Cities need to be prepared for disaster. It should not be that a flood hits, a storm rages or a mass earthquake wakes a city up to the need for disaster risk assessment and adaptation.
The Open European Day, a pre-event of Resilient Cities 2014, broached the subject within of the need for vulnerability and risk assessments. Adaptation is gaining momentum but unfortunately it is driven by disaster. As Nancy Saich from the European Investment Bank said, “They think adaptation is only flood protection, or only one aspect. They need to realize that vulnerability assessment is key. Cities need to assess not only one aspect but the overall vulnerability of their cities. They cannot skip this part.”
Saich also stressed that there is still a learning curve when it comes to vulnerability assessments. A new approach is needed one that ensures that by preventing one disaster we are not inadvertently opening the door for another.
Cities also could learn from Marie Gantois, City of Paris. After the heatwave of 2007, Paris came up with a climate plan it was small part adaptation but more mitigation oriented. She says, “We learnt from the heatwave that killed a lot of people but we only focused on the heatwave, it was only later that we realized that the heatwave was a single aspect and we needed to look at all the climate impacts that may happen in Paris.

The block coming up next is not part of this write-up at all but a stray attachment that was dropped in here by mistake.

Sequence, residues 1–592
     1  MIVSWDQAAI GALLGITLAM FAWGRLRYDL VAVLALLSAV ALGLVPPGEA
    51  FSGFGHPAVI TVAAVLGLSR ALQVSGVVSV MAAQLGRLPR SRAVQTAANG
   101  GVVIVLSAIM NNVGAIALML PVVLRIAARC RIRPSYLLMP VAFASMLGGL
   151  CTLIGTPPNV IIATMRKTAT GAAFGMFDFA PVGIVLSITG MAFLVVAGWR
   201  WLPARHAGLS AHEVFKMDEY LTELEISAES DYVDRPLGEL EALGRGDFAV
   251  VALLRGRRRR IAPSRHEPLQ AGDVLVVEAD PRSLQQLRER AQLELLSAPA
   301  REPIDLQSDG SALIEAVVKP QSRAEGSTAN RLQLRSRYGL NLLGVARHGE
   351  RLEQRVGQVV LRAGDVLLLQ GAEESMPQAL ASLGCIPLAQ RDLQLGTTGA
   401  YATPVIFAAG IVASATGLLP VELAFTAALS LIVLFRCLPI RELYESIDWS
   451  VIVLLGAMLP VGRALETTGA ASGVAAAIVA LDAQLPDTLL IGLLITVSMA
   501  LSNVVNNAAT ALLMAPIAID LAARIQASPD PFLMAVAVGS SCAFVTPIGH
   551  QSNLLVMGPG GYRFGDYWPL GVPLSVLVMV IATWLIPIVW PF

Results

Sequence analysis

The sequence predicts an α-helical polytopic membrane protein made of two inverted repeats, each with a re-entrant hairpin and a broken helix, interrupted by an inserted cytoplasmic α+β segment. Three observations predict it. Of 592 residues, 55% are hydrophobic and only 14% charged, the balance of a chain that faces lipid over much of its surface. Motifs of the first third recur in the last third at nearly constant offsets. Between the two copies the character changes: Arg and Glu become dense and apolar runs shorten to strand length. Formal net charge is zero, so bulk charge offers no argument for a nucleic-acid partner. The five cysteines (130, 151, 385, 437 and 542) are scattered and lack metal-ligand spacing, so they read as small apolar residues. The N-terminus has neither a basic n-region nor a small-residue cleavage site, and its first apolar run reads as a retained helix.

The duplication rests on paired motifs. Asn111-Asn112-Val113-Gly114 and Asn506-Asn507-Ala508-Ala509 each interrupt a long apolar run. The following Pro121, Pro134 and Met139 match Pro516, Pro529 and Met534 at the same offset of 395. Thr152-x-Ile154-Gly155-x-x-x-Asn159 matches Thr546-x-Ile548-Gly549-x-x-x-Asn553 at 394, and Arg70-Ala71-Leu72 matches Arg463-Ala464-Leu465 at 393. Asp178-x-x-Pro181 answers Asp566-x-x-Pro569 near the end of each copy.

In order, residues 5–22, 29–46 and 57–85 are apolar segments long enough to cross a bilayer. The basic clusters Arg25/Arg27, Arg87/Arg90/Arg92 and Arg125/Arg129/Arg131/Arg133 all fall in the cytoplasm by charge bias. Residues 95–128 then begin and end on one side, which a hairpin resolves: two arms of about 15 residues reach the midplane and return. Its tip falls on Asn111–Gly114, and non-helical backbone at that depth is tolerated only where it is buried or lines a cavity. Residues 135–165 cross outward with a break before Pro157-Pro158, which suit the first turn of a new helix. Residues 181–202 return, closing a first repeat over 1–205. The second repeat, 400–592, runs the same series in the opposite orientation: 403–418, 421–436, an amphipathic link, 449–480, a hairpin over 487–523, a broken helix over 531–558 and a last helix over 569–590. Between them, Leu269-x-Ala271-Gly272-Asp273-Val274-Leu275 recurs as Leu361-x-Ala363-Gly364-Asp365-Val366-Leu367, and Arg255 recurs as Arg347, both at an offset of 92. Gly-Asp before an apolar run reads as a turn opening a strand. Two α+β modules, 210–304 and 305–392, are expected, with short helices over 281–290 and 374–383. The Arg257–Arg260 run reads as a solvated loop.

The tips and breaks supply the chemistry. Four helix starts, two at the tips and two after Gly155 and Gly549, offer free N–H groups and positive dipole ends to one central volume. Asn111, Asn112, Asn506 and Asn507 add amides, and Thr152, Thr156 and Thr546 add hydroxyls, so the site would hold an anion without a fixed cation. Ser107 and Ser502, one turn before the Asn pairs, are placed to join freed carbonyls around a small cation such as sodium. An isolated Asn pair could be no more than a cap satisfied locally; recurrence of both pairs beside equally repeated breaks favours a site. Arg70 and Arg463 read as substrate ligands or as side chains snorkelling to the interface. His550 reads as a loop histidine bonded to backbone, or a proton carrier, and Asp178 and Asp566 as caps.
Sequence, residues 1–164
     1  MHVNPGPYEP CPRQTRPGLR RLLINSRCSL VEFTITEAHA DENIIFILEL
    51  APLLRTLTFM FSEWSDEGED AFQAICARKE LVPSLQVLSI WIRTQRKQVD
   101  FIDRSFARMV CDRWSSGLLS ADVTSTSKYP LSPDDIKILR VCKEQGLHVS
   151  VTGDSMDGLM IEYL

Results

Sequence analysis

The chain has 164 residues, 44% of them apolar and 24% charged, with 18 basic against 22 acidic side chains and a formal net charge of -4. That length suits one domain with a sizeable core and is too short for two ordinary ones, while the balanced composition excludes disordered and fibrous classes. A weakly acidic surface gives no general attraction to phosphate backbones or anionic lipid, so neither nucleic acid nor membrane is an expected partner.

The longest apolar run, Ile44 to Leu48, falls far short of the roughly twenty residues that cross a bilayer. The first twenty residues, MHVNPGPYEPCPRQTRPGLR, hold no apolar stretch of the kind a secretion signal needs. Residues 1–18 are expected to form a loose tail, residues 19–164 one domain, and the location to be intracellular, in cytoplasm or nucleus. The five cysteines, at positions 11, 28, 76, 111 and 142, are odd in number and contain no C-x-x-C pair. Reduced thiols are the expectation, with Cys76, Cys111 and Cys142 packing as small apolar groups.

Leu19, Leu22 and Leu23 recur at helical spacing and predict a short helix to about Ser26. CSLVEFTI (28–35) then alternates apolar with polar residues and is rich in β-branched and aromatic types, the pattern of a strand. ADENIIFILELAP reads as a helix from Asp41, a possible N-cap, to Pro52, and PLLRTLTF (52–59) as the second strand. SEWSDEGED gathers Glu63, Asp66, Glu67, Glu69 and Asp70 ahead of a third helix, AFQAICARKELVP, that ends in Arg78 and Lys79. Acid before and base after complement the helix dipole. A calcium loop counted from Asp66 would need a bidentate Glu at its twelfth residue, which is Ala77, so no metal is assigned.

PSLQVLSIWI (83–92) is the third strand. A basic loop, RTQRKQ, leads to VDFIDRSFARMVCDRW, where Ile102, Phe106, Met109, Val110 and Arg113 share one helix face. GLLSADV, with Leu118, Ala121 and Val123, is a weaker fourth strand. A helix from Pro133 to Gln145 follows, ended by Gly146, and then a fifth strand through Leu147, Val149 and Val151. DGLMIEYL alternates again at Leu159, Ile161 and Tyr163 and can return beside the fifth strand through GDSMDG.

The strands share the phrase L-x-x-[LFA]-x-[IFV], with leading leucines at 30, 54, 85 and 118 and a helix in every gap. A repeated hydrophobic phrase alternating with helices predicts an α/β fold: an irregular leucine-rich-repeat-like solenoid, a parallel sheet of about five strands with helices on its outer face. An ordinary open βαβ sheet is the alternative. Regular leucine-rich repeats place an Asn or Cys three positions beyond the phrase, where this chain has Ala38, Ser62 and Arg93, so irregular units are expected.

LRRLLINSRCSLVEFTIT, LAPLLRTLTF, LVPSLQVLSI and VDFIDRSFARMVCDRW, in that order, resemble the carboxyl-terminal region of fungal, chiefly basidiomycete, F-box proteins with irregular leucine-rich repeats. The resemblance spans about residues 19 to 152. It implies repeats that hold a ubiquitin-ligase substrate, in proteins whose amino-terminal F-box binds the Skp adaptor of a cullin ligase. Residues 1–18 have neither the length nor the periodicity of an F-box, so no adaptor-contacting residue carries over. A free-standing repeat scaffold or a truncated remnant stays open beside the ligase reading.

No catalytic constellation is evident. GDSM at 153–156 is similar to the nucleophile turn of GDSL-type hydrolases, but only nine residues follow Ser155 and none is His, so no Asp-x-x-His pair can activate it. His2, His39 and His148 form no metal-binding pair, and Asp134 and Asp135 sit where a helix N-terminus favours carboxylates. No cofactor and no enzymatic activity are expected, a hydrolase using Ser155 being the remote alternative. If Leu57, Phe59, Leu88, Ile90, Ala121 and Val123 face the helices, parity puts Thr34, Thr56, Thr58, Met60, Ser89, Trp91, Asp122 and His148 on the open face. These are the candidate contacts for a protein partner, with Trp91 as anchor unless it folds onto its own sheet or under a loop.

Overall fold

Griet Lambrecht of the City of Antwerp says “It is only through local action that we can create resilience.” He adds that focusing on public-private partnerships are one way of moving forward. “Private stakeholders need to be stimulated to help the city become more resilient.”
Local action, learning from past disasters, and preventive measures all work towards creating a city that is adaptive. However, as an audience member asked how adaptation can be measured? How will you know if your adaptation strategies are working? Saich replied, “Adaptation is a long process, it can not be easily measured. However, you can measure if your vulnerability risk has been reduced and that will tell you how far you have come.”